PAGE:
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Philosophy of mind

Summary of Searle’s Claim Searle’s (1980) reply to the query: “Could a machine think?” is built on two propositions, which he stated as follows: “(1) Intentionality in human beings (and animals) is a product of causal features of the brain. (2) Instantiating a computer program is never by itself a sufficient condition of intentionality.” Searle explains that the strict logical consequence of his first two propositions is (3) the explanation that the manner by which the brain produces intentionality invalidates the claim that intentionality is also produced by instantiating a computer program. Hence, a computer program cannot produce intentionality. He furthers that the trivial consequence of his first proposition is (4) the need to possess causal powers similar with those of the brain to enable any mechanism to produce intentionality. Hence, a machine should have a human-like brain to be able to think. Lastly, he explains that what follows to his propositions 2 and 4 is the proposition (5) that any literal attempt to create intentionality through artificial way would fail to do so if it will only design programs like the AI; what it needs to succeed is to recreate the human brain’s causal powers. ...
Hence proposition (1) can be stated as human beings have intentionality because they have the causal powers of the brain. This way of saying it is to state Searle’s argument in another way – that intentionality is the mental activity that human beings are capable of doing because of the causal powers of the human brain that they biologically possess; for a machine to think it must have intentionality which can only be possible through having the causal powers of the brain. Hence, not unless the machine has the causal powers of the brain similar to human beings, the machine could not think. Thus, to say that AI, as what functionalism and computationalism persistently assert, can fully think – with the understanding that thinking here has intentionality – is short of saying that AI can also be human beings – a claim that obviously Searle does not want to accept, rejecting every possibility that AI could think and consistently defending his position that intentionality is a mental characteristic inherent to human beings. Actually, AI’s claim seems harmless, but perhaps Searle has perceived its dangerous implication that’s why he obstinately opposes it. Hence on his part, Searle simplifies his proposition (1) in a way that does not allow an AI to become capable of thinking: “… certain brain processes are sufficient for intentionality” (p. 417). Searle’s way of simplifying his proposition (1) is to emphasize his point that intentionality requires necessary causal features of the brain that is far more than the information processing system that computationalism is so proud of or the formal symbol manipulation of functionalism, because these causal features of the brain are in fact ...Show more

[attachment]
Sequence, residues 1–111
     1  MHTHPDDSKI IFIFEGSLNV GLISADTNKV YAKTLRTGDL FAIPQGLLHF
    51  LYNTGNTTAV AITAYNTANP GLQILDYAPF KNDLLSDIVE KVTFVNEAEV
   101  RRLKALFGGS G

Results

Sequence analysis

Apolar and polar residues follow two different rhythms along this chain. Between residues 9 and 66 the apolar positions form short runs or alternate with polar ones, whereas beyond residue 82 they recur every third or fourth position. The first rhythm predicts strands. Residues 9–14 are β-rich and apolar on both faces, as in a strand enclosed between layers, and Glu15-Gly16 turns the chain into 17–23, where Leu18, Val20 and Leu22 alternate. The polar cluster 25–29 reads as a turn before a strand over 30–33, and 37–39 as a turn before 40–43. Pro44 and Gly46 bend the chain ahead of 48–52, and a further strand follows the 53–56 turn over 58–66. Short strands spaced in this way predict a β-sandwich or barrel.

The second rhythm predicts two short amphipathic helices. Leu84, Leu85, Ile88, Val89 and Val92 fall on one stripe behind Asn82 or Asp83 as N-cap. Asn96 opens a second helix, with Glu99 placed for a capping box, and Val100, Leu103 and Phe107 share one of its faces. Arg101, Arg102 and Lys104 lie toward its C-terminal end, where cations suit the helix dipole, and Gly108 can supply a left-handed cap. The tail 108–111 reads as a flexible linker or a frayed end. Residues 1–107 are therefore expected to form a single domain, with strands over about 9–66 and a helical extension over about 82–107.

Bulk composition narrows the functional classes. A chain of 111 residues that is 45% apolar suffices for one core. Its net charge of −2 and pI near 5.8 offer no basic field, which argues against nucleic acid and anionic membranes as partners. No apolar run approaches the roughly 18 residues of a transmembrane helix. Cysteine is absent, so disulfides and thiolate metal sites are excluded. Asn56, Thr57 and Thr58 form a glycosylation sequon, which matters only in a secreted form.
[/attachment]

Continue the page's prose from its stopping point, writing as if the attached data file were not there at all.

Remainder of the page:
Summary

John Searle’s Case against Artificial Intelligence: ‘Only a Machine Could Think’ Introduction Searle’s (1980) reply to the query “Could a machine think?” by saying, “… only a machine could think” (p. 417, 431) could be easily misconstrued to mean that Searle’s reply is affirmative…
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